Unlike many news organizations, we haven't put up a paywall – we want to keep our journalism as accessible as we can. Our independent journalism costs time, money and hard work to keep you informed, but we do it because we believe that it matters. We know that informed communities are empowered ones. If you appreciate our reporting and want to help make our future more secure, please consider donating.

STAY CONNECTED

20,771FansLike
4,726FollowersFollow

FROM FACEBOOK

Comments Box SVG iconsUsed for the like, share, comment, and reaction icons
Load more

Heavy equipment operators need an education on how to properly clear building lots, contractor Dan Boyd said at a “Building Green in the Virgin Islands” workshop Tuesday at Clean Plates/Sputnik’s restaurant in Coral Bay.

“You turn your back and they’re knocking down trees,” Boyd said.

Others said heavy equipment operators were the biggest problem when it came to using building practices that protect the environment.

The workshop kicked off a series of three across the Virgin Islands aimed at helping the construction industry and government develop practices that protect natural resources. The workshops are sponsored by the National Oceanic and Atmospheric Administration (NOAA).

The workshop moves Wednesday to St. Croix, where it will be held at the University of the Virgin Islands Great Hall. On St. Thomas, it will be held on Thursday in UVI's Administration and Conference Center. All workshops run from 9 a.m. to noon.

About 15 people attended the St. John workshop. Most were contractors, architects, and others already on the green building bandwagon.

Lisamarie Carrubba, an ecologist at NOAA’s Boqueron, Puerto Rico field office, said the workshops will help NOAA develop “modules” to use in educating various segments of the construction industry and the community on green building practices.

She also said NOAA began the series in Coral Bay because its harbor, as well as Fish Bay, is a NOAA priority when it comes to erosion and subsequent sedimentation control.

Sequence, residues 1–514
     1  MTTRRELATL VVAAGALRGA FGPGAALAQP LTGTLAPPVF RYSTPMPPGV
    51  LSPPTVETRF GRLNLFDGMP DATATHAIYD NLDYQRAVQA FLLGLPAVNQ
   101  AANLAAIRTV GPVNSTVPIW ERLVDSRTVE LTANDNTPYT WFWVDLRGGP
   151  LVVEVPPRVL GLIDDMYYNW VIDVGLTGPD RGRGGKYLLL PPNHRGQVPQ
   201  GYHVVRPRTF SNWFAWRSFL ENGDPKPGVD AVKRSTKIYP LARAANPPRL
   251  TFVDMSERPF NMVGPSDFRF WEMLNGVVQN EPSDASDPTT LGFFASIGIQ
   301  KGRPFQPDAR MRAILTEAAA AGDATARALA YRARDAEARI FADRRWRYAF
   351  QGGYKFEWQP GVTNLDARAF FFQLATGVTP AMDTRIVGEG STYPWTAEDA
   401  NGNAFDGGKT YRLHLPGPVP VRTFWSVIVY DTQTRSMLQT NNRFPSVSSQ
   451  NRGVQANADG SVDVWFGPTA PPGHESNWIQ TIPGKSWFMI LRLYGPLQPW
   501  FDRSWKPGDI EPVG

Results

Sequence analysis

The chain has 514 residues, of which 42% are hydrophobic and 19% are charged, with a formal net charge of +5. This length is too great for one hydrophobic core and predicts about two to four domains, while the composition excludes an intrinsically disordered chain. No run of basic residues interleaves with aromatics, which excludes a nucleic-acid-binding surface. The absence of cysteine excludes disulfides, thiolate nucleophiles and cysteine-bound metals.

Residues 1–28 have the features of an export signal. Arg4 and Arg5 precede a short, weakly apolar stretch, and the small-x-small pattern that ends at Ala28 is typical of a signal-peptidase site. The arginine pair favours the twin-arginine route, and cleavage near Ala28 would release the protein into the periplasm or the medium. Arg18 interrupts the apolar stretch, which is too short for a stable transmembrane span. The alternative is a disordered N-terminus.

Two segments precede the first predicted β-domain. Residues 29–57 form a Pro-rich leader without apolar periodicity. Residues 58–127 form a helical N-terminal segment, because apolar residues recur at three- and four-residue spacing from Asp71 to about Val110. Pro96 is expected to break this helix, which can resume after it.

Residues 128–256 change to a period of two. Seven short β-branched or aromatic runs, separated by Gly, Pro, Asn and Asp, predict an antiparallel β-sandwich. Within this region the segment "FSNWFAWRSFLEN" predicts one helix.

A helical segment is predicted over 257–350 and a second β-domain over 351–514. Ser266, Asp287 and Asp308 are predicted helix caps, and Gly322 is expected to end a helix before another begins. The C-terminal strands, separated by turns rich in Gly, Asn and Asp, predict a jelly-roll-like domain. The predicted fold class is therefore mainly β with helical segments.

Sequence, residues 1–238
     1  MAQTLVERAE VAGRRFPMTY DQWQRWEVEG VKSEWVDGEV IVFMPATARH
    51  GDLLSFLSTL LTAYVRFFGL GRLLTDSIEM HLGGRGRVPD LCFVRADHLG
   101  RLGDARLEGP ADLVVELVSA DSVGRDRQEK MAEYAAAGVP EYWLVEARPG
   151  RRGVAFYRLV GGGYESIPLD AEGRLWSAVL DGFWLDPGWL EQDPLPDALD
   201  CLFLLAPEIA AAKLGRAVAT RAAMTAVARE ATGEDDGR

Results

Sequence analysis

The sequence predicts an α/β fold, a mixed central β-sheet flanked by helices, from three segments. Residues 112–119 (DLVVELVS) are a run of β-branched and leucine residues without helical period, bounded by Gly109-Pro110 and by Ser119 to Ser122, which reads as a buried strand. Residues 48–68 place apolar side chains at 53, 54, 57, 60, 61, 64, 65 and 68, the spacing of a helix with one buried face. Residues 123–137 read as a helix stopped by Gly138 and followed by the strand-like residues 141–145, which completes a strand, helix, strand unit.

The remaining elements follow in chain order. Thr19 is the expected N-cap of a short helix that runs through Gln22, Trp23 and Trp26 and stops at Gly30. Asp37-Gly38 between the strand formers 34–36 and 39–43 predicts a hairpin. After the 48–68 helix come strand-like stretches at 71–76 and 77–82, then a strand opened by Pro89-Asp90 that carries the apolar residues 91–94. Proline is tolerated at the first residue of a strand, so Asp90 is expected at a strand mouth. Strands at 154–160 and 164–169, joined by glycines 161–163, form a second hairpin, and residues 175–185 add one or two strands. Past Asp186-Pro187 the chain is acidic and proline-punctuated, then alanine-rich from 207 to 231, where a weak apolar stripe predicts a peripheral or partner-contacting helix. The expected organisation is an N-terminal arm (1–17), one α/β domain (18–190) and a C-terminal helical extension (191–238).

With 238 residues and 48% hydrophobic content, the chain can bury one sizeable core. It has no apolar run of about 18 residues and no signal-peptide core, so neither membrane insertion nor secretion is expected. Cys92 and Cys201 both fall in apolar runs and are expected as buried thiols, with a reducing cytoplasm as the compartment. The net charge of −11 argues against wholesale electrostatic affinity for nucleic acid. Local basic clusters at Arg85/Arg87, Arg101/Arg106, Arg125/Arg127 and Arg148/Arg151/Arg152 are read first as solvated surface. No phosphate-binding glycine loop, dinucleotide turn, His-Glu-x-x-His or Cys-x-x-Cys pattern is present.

The key is putting erosion control measures in place to cut down on the amount of sedimentation that goes into the harbors.

“If you haven’t done erosion control first, sedimentation control isn’t very effective,” Carrubba said.

At issue are the steep slopes in St. John and St. Thomas. St. Croix is flatter, which means it has fewer problems with erosion, but they still exist. Additionally, the soil erodes easily, which further compounds the problem. Improperly cleared steep slopes permit soil to run down hill, which turns harbors brown when it rains.

This raised the question as to how steep is a buildable slope and what erosion safeguards need to be in place before excavation starts.

“The first step should be a retention wall at the lowest part of the property,” storm water engineer Joe Mina suggested.

He said that practice is completely ignored on St. John. Dave Rosa of the Planning and Natural Resources Department’s Coastal Zone Management program said he’s only seen them on large projects.

Carrubba offered plenty of suggestions for helping the problem, including properly installed silt fences, but Coral Bay Community Council President Sharon Coldren said that despite years of efforts to show contractors how to do the job, she continues to see improperly installed silt fences.

Surveyor Greg Miller said the erosion problem starts with the government. He said building plans need to be reviewed for approval by people who know how to properly do the job.

“Only a few can review plans and understand them,” Miller said.

Protecting the territory’s coral reefs is crucial to the economy. Carrubba said a NOAA socio-economic study showed that the majority of people who live or visit the Virgin Islands want clean water and healthy reefs. The study put the value of those characteristics at about $100 million to the local economy.

She added the study showed that 55 percent of all visitors used the reefs, and 43 percent decided on a Virgin Islands vacation because of its reef resources.

Carrubba suggested a list of resources for people interested in building green (see links, below).